If you can handle those ground rules with ease, then you are ready to make the switch from cash to a rewards credit card. Rewards cards come with a variety of benefits from cash back to points and airline miles. By using your card to pay for expenses that you would traditionally pay for with cash or a debit card, you are actually earning money in interest. As long as you never pay interest on your card by paying on time, you end up getting paid by your credit card company in the form of points, cash back, or air miles. Those are benefits that you don’t earn paying with cash. If you have traditionally been a cash-only consumer, consider cashing in on the many rewards available in order to earn the most with your money.

For those who use their credit card wisely, rewards are just the beginning. Here are some additional tips and tricks to help you cash in from your credit cards:

Save Money on the Cost of Borrowing

Interest rates on standard bank and car loans are on the rise, but there are a number of credit cards that offer introductory low rates of interest and sometimes even zero percent interest for a short time frame. Consumers can use these special offers to reduce or eliminate the interest on college debt and home equity lines of credit, or to even consolidate debt. The key is to always read the fine print very clearly as these offers are often laced with traps including high fees on balance transfers and sky high interest rates should you make a payment even an hour late cancelling the promotional rate automatically. You should also be cautious when maxing out a credit card as this can often lower your credit score but if you play by the rules, there are many opportunities to save money by taking a lower rate from a credit card on existing debt and bank loans. You will also need to ensure that you can pay off the debt before the promotional period expires or have a low interest outlet to transfer your remaining balance.

Earning Rewards is Earning Money

There is no shortage of incentives available for credit card users. The real challenge lies in selecting the rewards card that is right for you. When possible it is best to select a no-fee card but if there is a fee associated with the card you desire, do the math to ensure that your benefits outweigh the cost of the annual fee. Once you find a suitable card and are comfortable with the fine print, use your cards for as many purchases as possible while being very careful not to overspend just for the sake of earning rewards. If you use your credit card for major expenses like tuition, rent, or home renovations, your rewards will add up fast. Just make sure that you can pay the balance off in full to avoid interest. Rewards cards can be particularly useful if you make purchases on behalf of a business. By the end of the year, you may have even earned enough air miles to cover your annual vacation.  However, be careful to never exceed your credit limit when making large purchases as this can negatively impact your credit score.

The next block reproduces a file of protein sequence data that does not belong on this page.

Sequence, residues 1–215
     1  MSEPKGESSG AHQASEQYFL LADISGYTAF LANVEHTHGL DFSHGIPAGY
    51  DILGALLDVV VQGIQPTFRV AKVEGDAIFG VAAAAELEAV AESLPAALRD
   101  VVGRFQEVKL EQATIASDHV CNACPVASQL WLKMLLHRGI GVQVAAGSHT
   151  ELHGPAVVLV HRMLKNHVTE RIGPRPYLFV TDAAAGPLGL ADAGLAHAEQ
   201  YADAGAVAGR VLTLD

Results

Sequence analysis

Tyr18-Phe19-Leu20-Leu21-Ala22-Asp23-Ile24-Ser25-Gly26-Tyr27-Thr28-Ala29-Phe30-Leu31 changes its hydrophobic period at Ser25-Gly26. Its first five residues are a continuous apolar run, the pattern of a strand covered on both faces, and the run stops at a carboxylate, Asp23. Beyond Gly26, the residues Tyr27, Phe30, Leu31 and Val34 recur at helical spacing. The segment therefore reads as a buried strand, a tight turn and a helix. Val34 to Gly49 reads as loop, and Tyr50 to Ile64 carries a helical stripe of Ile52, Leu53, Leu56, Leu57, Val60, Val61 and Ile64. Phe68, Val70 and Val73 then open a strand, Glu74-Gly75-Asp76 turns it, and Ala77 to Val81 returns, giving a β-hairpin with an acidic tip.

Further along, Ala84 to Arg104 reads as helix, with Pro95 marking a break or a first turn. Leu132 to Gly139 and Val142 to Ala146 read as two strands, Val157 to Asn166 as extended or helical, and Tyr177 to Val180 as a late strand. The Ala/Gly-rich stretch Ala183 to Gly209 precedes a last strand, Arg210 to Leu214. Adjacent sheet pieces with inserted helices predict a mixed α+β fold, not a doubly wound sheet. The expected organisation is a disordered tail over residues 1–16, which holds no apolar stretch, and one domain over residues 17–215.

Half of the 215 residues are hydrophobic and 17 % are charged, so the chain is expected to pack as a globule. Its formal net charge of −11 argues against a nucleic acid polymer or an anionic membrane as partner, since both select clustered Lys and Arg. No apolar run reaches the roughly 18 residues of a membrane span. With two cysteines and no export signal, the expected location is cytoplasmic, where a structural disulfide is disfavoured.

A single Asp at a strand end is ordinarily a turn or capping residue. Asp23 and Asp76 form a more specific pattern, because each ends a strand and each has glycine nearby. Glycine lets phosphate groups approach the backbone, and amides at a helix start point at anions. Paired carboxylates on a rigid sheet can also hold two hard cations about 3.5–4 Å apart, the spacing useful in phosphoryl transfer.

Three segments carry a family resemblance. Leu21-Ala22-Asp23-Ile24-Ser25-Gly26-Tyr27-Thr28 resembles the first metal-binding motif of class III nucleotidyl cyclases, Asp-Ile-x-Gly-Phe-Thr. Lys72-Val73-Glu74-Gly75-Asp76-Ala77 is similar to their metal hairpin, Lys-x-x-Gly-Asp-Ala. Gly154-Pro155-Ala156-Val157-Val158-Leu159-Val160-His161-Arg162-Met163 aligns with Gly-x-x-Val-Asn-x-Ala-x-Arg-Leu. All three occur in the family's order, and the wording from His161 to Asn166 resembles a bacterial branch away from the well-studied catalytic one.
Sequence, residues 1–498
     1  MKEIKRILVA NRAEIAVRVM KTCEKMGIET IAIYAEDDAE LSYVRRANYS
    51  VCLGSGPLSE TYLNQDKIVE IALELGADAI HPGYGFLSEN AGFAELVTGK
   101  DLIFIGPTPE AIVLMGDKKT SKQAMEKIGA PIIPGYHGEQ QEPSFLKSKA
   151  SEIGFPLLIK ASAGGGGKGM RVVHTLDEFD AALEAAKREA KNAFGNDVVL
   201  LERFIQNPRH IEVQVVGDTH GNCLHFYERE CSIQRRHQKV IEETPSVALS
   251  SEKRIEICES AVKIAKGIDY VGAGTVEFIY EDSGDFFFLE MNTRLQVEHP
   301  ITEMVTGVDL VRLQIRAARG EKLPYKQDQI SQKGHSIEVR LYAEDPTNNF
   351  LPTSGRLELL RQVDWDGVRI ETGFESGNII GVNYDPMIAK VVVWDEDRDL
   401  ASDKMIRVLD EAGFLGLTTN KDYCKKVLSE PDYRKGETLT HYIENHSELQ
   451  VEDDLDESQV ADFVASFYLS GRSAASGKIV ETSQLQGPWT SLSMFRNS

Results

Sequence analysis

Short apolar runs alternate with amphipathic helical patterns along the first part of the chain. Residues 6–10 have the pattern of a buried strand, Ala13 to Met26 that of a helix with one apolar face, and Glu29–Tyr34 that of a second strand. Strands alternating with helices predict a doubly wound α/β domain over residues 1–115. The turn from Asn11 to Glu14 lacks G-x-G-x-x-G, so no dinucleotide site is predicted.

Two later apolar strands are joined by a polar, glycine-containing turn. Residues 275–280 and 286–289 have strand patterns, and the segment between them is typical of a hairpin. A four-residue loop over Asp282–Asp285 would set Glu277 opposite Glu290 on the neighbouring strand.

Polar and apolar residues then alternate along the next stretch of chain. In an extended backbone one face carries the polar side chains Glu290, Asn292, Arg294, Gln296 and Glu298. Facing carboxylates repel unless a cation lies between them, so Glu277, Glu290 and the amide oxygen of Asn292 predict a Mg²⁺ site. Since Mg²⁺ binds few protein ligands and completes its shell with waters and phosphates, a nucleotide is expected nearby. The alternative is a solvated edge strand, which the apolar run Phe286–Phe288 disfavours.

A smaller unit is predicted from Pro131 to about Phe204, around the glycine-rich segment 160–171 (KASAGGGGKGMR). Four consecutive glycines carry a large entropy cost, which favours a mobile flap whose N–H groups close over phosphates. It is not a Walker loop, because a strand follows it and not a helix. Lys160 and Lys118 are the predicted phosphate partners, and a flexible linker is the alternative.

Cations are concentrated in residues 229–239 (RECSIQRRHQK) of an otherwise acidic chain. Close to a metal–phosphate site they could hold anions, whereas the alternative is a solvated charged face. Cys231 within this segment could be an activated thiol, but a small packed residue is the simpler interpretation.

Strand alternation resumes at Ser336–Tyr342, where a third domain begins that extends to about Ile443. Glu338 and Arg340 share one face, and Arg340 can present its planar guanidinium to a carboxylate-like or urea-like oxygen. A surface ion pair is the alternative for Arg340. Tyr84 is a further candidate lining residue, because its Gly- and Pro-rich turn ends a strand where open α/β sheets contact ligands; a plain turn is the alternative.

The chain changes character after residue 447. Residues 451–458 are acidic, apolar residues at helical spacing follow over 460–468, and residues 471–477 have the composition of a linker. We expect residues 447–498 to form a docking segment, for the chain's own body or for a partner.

Credit Cards Protect Your Money

Purchases made using a credit card are under the protection of federal law. The Fair Credit Billing Act provides credit card users with the right to dispute charges for purchases that are not delivered, items that are not delivered as agreed upon, and items not delivered as promised by service guarantees. In addition, if you believe that your credit card was used without your authorization due to being lost or stolen or if you are the victim of a billing error, you can also dispute such suspected charges. In the United Kingdom, consumers are protected under section 75 of the Consumer Credit Act. If a consumer purchases goods costing between £100 and £30,000 on a credit card, the issuer of the card is jointly liable with the supplier in the event of a problem like non-delivery or if a company goes bankrupt. It is a protection that only a credit card user can use to ensure that they get their money back whereas cash and debit transactions do not enjoy the same protection.